The Directorate for Priority Crime Investigation (DPCI), popularly known as the “Hawks”, is to assess a statement made by SAAB CE Håkan Buskhe last week that its then-partner BAE Systems paid defence consultant Fana Hlongwane R24 million a decade ago to help secure contracts that formed part of the still-controversial Strategic Defence Package signed in 2000. The Swedish company adds that news of the payment was hidden from it.
The opposition Democratic Alliance party yesterday said it had “immediately” written to DPCI head Lieutenant General Anwar Dramat requesting that the information be investigated. The party’s defence shadow, David Maynier, said he had received the following reply yesterday: “I am aware of the recent disclosures made by SAAB’s Executive Officer, Mr Hakan Bushke [sic]. This information will be assessed by the Directorate for Priority Crime Investigation.”
Maynier said the DA “welcomes the undertaking”.
The local Mail & Guardian newspaper Friday reported Hlongwane, an adviser to Defence Minister Joe Modise at the time the deals were negotiated, has received so-called “commission” payments of more than R200 million from entities controlled by BAE.
Dow Jones Newswires reported from Stockholm on Thursday that Buskhe had told it in an interview that a person employed by BAE Systems had, without the company’s knowledge, signed a contract, processed transactions and approved the audited and inaccurate financial statement for 2003. “We can only assume that the BAE employee wanted to hide this,” he added. “We have informed BAE Systems of our findings and how we regard this matter,” he added.
SAAB launched an internal investigation into the matter last month. “We have zero tolerance regarding bribes, corruption and unethical conduct when it comes to doing business. … We have no desire to cover up anything,” Buskhe said when announcing the probe.
BAE Systems last week told Dow Jones this “and other matters were fully reviewed by the [UK] Serious Fraud Office (SFO) and formed part of the overall resolution that the company reached with the SFO in February 2010. Any questions relating to SAAB and its subsidiaries should be directed to SAAB.”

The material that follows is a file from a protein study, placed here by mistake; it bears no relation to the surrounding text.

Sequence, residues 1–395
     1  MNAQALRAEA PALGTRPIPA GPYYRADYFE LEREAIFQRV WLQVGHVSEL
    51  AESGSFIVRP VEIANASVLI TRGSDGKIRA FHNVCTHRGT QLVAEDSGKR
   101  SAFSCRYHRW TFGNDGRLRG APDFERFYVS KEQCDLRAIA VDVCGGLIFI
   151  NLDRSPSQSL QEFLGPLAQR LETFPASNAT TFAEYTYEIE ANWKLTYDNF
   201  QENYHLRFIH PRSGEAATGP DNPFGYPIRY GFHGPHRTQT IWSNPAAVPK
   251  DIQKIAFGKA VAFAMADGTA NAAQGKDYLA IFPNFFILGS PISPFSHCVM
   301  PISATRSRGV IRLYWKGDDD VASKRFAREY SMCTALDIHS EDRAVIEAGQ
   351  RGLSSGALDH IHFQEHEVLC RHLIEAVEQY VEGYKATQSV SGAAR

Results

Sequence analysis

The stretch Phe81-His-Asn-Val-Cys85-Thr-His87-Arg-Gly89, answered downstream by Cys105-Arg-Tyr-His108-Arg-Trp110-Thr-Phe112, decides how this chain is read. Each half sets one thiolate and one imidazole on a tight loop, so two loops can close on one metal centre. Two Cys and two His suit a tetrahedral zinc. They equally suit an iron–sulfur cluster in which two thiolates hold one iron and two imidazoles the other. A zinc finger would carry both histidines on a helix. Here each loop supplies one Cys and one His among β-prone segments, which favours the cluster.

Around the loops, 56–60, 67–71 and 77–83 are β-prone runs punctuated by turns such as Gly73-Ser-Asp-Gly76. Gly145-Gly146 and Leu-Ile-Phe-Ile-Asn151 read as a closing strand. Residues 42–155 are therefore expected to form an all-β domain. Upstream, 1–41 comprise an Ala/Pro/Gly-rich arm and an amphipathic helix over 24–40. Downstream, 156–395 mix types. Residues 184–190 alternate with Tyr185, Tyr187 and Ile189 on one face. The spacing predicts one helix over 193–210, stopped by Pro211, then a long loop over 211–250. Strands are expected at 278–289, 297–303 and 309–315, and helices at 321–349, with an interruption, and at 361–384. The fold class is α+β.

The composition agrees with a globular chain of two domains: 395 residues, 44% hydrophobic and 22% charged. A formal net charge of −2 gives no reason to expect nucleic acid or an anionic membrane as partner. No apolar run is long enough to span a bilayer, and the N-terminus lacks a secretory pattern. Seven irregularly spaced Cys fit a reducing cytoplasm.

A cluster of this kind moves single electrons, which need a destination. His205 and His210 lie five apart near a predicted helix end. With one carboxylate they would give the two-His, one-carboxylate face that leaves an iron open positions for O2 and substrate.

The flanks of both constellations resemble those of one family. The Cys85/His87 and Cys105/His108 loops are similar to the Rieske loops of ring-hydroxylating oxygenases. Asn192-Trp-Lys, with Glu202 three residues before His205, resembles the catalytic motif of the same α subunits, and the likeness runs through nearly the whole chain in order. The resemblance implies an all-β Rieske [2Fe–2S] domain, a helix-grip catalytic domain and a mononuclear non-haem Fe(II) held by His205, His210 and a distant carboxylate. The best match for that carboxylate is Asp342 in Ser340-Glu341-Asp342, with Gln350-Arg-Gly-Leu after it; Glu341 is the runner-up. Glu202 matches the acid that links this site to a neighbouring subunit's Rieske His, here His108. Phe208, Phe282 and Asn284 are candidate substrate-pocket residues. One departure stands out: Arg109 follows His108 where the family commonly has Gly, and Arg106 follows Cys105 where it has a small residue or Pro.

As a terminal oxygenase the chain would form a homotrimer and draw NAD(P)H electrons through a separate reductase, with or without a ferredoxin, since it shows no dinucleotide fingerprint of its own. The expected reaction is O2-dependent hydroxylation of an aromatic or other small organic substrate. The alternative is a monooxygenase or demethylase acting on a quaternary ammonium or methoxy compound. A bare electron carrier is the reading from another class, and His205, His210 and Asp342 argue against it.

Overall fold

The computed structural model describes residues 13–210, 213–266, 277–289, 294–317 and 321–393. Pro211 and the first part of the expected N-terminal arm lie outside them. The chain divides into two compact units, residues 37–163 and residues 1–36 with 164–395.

Dow Jones reminded that the British defence giant last year reached an agreement with the SFO over allegations that it failed to provide accurate records in connection with the supply of an air-traffic control system to Tanzania. It admitted the charge and agreed to pay a penalty of £30 million, while the SFO waived its right to investigate other allegations.
Buskhe added SAAB has now handed over “all investigation material” to the country’s national anti-corruption unit that will now look at whether there “are grounds to initiate an investigation of bribery, at the individual or corporate level, in connection with the sale of the … Gripen in South Africa.”
The Hawks last September halted a decade-long probe into allegations around the SDP, saying they are unlikely to secure further convictions. The investigation “wasn’t really getting anywhere,” Dramat’ spokesman Musa Zondi told the Bloomberg financial news service in October. “It’s closed. The National Prosecuting Authority, on the basis of the evidence we had, couldn’t charge anyone.”
Dramat had the day before told the Sowetan: “I instructed that it must be closed.” He refused to give reasons. “No, sorry. You can make a written enquiry,” he said. Bloomberg reports the South African government has faced accusations since 1999 that officials took bribes from companies that won weapons contracts worth R47.4 billion. “Among those implicated were President Jacob Zuma. Charges against him were dropped in April last year,” Bloomberg said. The M&G reports bribes, disguised as commissions and miscellaneous expenses may have amounted to more than R1 billion.